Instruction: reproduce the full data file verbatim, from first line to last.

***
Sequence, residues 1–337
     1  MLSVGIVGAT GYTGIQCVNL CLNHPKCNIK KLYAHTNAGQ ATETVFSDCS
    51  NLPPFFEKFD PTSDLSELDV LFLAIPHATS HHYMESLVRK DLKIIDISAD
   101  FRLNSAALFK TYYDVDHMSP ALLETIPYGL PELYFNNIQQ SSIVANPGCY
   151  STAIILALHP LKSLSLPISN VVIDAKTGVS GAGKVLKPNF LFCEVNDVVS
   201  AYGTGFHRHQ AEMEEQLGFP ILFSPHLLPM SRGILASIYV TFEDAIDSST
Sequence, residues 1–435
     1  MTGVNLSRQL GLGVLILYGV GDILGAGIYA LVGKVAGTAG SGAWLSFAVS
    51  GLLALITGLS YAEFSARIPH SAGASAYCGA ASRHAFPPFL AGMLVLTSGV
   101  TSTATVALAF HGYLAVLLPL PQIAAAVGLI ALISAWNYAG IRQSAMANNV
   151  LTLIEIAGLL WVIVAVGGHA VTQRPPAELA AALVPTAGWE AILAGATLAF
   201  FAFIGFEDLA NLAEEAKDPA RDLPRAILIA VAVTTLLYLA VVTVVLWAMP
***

Sequence, residues 1–337
     1  MLSVGIVGAT GYTGIQCVNL CLNHPKCNIK KLYAHTNAGQ ATETVFSDCS
    51  NLPPFFEKFD PTSDLSELDV LFLAIPHATS HHYMESLVRK DLKIIDISAD
   101  FRLNSAALFK TYYDVDHMSP ALLETIPYGL PELYFNNIQQ SSIVANPGCY
   151  STAIILALHP LKSLSLPISN VVIDAKTGVS GAGKVLKPNF LFCEVNDVVS
   201  AYGTGFHRHQ AEMEEQLGFP ILFSPHLLPM SRGILASIYV TFEDAIDSST
Sequence, residues 1–435
     1  MTGVNLSRQL GLGVLILYGV GDILGAGIYA LVGKVAGTAG SGAWLSFAVS
    51  GLLALITGLS YAEFSARIPH SAGASAYCGA ASRHAFPPFL AGMLVLTSGV
   101  TSTATVALAF HGYLAVLLPL PQIAAAVGLI ALISAWNYAG IRQSAMANNV
   151  LTLIEIAGLL WVIVAVGGHA VTQRPPAELA AALVPTAGWE AILAGATLAF
   201  FAFIGFEDLA NLAEEAKDPA RDLPRAILIA VAVTTLLYLA VVTVVLWAMP